Sufficient sleep is a biological necessity for the normal functioning of humans, it allows the body to rest and to replenish itself so that it is able to serve its function of living. In addition, mental and physical health depend on the amount of sleep we get. Most adults and students value work and college much more than sleep, this is due to the academic, career, and materialistic demands. Researchers have noted a positive correlation between lack of sleep and decreased physical health, mental health, and academic performance. Sleep consists of two cycles: non-rapid eye movement (NREM) and rapid eye movement (REM), which are sleep patterns that alternate throughout the night. Firstly, sleep begins with non-REM sleep lasting about 90 minutes followed by REM sleep lasting 10-30 minutes, then the cycle repeats itself. REM sleep is the most important phase of sleep because the body is internally awake, with waking-like brain activity, yet asleep and externally calm. Thus, an uninterrupted REM phase of sleep is necessary for integrating previously learned material, and giving the individual a feeling of being well rested and refreshed. Many individuals will put sleep off so that more work hours, and school work can be fit into the day in order to get a better outcome such as job promotions or better academic grades, but I believe that sleep deprived people show a low performance in daily tasks due to suffering from mental, and physical health disorders.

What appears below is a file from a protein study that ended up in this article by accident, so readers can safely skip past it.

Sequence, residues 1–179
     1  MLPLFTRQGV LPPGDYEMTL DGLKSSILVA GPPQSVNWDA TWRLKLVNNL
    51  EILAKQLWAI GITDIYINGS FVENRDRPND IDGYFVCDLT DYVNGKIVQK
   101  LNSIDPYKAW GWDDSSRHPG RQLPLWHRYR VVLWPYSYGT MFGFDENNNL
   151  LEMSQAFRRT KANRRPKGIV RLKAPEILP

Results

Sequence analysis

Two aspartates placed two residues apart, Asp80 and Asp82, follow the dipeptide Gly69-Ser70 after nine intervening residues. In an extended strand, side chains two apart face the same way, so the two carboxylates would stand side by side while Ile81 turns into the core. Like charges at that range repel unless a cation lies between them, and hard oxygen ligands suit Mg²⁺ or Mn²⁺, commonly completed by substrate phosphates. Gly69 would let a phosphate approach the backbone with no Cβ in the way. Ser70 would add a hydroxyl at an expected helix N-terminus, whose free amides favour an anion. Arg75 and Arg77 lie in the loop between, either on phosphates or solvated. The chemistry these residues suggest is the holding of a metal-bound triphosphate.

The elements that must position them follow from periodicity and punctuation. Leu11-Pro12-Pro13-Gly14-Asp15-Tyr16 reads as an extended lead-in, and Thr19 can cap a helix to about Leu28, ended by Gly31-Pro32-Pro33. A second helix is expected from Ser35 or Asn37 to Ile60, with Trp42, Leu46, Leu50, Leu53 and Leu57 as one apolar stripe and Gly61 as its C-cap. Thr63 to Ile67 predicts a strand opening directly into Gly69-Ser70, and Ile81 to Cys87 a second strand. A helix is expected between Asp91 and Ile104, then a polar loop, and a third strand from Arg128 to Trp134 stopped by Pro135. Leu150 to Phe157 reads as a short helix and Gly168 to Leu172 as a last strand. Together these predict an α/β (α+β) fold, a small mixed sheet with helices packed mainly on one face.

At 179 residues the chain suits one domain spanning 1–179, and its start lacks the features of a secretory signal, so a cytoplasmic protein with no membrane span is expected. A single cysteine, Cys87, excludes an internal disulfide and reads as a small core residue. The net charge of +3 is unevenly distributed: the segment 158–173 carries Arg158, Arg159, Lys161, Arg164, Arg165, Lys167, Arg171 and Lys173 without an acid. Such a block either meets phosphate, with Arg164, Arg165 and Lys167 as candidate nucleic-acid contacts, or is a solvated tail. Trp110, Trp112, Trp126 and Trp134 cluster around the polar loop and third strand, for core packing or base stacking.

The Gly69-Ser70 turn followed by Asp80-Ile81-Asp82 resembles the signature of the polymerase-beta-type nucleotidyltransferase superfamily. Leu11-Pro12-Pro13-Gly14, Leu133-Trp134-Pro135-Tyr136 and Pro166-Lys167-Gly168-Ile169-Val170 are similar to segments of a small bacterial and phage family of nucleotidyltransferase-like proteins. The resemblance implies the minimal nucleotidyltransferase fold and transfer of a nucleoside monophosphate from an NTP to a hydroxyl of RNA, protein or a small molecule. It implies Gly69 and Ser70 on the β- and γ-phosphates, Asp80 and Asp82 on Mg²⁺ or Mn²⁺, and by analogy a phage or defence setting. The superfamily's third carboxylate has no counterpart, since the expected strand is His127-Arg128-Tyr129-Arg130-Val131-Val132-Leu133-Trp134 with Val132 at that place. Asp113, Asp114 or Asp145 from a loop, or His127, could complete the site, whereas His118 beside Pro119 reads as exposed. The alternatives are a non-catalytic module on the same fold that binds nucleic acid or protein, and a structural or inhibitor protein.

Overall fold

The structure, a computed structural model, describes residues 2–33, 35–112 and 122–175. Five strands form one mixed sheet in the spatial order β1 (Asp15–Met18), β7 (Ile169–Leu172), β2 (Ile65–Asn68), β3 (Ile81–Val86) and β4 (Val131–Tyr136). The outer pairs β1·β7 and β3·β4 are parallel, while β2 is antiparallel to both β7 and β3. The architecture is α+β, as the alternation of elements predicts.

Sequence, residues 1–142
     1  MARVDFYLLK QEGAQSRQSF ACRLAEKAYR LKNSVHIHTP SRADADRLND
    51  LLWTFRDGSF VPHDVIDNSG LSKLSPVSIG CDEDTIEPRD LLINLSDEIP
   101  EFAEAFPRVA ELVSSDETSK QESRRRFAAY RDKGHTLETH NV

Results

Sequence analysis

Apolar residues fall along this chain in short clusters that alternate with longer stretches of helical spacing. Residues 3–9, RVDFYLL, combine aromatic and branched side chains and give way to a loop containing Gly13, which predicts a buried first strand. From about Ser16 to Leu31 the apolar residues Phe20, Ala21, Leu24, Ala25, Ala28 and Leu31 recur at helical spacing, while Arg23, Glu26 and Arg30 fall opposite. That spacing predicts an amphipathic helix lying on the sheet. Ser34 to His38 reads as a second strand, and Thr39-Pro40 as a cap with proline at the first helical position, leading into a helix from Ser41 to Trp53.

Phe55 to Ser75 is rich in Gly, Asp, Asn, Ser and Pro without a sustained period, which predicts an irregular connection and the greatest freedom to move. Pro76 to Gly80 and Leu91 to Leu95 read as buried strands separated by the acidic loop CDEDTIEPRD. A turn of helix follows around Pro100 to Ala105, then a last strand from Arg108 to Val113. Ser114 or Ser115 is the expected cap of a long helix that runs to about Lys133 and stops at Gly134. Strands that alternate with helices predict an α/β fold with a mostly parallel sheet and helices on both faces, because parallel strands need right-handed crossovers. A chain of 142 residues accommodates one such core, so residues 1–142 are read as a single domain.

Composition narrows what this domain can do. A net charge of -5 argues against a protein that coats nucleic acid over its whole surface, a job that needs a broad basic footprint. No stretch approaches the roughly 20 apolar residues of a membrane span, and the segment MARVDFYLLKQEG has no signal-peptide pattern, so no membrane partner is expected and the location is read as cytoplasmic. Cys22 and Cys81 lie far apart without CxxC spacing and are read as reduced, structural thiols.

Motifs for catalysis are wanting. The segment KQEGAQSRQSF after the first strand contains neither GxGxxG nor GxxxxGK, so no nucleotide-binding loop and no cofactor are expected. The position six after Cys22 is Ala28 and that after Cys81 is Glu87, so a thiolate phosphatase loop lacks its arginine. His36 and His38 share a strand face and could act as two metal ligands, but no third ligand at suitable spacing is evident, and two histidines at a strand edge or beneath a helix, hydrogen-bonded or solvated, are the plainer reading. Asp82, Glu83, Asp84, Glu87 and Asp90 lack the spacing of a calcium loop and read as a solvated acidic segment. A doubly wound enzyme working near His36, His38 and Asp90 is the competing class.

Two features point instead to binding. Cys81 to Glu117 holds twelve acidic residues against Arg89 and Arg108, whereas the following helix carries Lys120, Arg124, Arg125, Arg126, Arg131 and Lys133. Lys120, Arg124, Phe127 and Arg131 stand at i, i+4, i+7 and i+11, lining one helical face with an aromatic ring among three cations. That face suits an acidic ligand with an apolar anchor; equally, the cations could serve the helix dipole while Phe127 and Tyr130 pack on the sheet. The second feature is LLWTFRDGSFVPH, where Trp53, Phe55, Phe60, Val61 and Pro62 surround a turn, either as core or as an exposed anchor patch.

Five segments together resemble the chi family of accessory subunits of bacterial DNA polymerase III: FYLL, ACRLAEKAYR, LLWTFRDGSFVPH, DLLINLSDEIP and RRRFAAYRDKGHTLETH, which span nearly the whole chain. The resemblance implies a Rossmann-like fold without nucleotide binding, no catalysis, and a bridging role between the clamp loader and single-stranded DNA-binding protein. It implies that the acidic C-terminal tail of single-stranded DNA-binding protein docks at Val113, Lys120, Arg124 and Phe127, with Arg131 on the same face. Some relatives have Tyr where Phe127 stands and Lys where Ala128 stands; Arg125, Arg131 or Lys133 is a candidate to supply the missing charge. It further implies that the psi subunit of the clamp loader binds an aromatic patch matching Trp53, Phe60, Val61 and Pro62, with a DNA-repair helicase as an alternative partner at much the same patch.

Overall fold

A greater understanding of these complex and dynamic brain states has helped clarify the ways in which sleep enhances memory processing. An increasing number of sleep studies have behaviourally assessed the facilitative role of REM and NREM sleep on declarative and procedural memory performance in humans. The preliminary results provided initial evidence to the idea that hippocampal-dependent declarative memories, such as memories of personal events and fact-based information, are facilitated by NREM sleep (specifically SWS) and hippocampal-independent procedural memories are facilitated by REM sleep (Plihal & Born, 1997).